It’s one of the most unusual landscapes in Wales, set in an imposing amphitheatre of mountains, with an imposing amphitheatre of slate spoil and waste between the houses and the mountains. I spent some time working there almost ten years ago, and things have greatly improved since then.
Attractions like Bounce Below and Zip World have opened up in recent years, bringing the Blaenau Ffestiniog to a completely new audience. It’s now a hub for adventurers and adrenalin addicts, something I wouldn’t have imagined a decade ago. And to top it all off, it has become part of the UK’s newest UNESCO World Heritage Site – the reason I was working there ten years back.
So it’s the ideal time to find out about the various things to do in Blaenau Ffestiniog, don’t you think?
Blaenau Ffestiniog – A Personal Recollection
My first foray into North Wales was in the early 1980s, on a family holiday. We started out on a gorgeous sunny morning, driving over the Brecon Beacons and Cambrian Mountains towards our ultimate destination near the seaside resort of Llandudno.
By the time we saw the Snowdonia National Park sign, the sky had clouded over, and by the time we reached Trawsfynydd Lake sheets of rain were sweeping towards us. This abated for a few miles, only to resume on the run up to Blaenau Ffestiniog. The town was fifty shades of grim, every feature monochrome in the murk.
We then turned right at the roundabout to continue our journey to the north. Suddenly the clouds parted high overhead, allowing a shaft of sunlight to burst through, illuminating the rugby pitch, houses and massive slate slag heap behind for five, maybe six seconds.
I’ll always remember it as the moment when I first truly saw and understood light. It’s certainly not among the prettiest North Wales towns, but it’s one of the most dramatic and fascinating.
Things To Do In Blaenau Ffestiniog – What You Need To Know
Most Blaenau Ffestiniog things to do revolve around slate in some way
You can explore where it was quarried underground, fly above it on a zip wire or mountain bike down it
It’s one of six areas in the region to be part of the Welsh Slate Landscape UNESCO World Heritage Site
Some Blaenau Ffestiniog walks offer an unrivalled insight into Welsh industrial heritage
See Also: 22 of the Best Landscapes In Wales
Llechwedd Slate Caverns
The Slate Caverns are located on the road out of Blaenau towards Betws-y-Coed. They are the best of the Blaenau Ffestiniog slate mines, and have offered a deep mine tour for many years. You travel around 500 feet underground before beginning a walking tour of the caverns. These vast underground chambers are beautifully lit, and at each a character’s voice tells you a story. These range from quarrymen who toiled underground for 12 hours a day, 6 days a week, to the quarry’s founder. It’s a wonderfully evocative tour.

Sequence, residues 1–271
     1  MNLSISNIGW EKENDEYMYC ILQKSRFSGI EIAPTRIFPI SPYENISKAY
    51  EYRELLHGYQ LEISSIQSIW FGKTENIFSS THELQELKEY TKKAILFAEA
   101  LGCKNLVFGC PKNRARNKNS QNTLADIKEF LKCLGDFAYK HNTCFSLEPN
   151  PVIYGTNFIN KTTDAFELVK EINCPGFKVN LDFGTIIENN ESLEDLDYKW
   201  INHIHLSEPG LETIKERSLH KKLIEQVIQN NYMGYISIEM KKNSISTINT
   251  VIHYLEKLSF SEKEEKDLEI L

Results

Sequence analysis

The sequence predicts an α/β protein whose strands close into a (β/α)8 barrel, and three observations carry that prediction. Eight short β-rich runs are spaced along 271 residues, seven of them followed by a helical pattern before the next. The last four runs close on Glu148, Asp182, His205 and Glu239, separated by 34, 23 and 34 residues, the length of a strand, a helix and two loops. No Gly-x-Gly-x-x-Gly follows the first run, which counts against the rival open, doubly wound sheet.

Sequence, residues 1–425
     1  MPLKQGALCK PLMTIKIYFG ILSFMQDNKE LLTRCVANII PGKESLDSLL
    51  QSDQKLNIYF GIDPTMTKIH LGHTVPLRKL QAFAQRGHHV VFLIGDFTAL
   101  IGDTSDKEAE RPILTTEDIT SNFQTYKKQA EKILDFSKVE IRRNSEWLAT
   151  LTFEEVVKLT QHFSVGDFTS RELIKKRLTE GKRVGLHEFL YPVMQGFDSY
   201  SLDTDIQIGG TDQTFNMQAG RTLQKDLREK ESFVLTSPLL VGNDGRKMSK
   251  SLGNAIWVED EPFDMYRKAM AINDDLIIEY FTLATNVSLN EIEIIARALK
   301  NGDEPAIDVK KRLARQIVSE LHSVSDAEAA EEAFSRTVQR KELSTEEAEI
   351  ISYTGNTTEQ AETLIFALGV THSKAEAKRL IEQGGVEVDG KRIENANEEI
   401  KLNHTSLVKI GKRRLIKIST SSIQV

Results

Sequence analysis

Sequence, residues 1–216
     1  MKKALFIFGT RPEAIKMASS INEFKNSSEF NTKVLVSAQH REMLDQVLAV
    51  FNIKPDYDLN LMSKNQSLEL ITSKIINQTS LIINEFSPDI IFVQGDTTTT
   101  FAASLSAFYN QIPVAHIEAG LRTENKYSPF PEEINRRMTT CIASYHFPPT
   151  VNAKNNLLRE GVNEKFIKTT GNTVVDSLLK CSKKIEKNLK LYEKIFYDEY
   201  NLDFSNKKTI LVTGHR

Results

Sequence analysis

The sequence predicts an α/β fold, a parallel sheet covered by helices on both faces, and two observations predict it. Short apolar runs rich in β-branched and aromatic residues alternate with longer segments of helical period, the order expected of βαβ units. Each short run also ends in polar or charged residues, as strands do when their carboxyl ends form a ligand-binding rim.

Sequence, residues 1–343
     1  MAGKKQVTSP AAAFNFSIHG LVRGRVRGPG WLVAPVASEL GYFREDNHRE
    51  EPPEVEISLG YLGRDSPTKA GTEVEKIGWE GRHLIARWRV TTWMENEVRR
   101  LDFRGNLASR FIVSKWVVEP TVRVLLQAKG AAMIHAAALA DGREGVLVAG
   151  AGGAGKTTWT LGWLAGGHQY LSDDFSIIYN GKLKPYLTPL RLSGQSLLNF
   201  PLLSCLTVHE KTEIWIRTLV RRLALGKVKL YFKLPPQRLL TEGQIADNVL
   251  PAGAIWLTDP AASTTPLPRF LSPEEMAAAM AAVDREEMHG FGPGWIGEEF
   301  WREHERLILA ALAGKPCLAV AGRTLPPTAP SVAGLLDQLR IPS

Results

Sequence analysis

Llechwedd has upped its game hugely over the last few years, and it is now among the best things to do in North Wales. The Caverns are also home to two new attractions, Bounce Below and Zip World, both of which we’ve written about below.
You can now explore the slate landscape around Llechwedd, something that has only recently become possible. The Quarry Explorer takes you off road in a former military vehicle around the Blaenau Ffestiniog landscape, above Llechwedd to Maenofferen and Diffwys quarries nearby. A Quarry Walking Tour has also been introduced in. 2020 – if the Blaenau Ffestiniog weather is favourable, prepare for some heart-stopping views.
Bounce Below was the first of the Zip World attractions to open in Blaenau Ffestiniog. It’s basically a giant underground trampoline, a series of bouncy nets strung together on different levels of one of the slate caverns. You can slide from one level to another down a chute in the corner of the level.
It costs £25 an hour (£20 for 7-17s) to bounce around, but to make the most of it a little strategy comes in useful. When I visited everyone went full tilt for about 10 minutes, and spent the remining 50 minutes passed out, exhausted. You need to bring your own long-sleeved tops and trousers.
Zip World Caverns
Caverns is a 3-hour journey through Llechwedd, via a series of 13 zip wires, rope bridges and a via ferrata (a metal ladder up a steep rock face). I haven’t tried it out yet, but it sounds like a great and gruelling challenge. Tickets are £65 each for adults and children aged 10 and over.
Zip World Titan
Zip World Titan is a thrilling three-part zip ride from a Blaenau Ffestiniog mountain top over the slate landscape to a finishing point next to Llechwedd Slate Caverns. I haven’t tried it yet but when my son is old enough we’ll be racing each other down.
Blaenau Ffestiniog Railway
The Ffestiniog Railway has joined forces with the Welsh Highland Railway so that you can now travel between Blaenau Ffestiniog and Caernarfon by narrow gauge railway. The Ffestiniog Railway runs between the coastal town of Porthmadog and Blaenau Ffestiniog, following the route of the slate from the quarries to port. It’s a beautiful journey, starting out with a journey across the Cob causeway, which gives a view of the whole Snowdonia range. It then climbs gradually into the rugged Moelwyn mountains, past Tanygrisiau reservoir into Blaenau.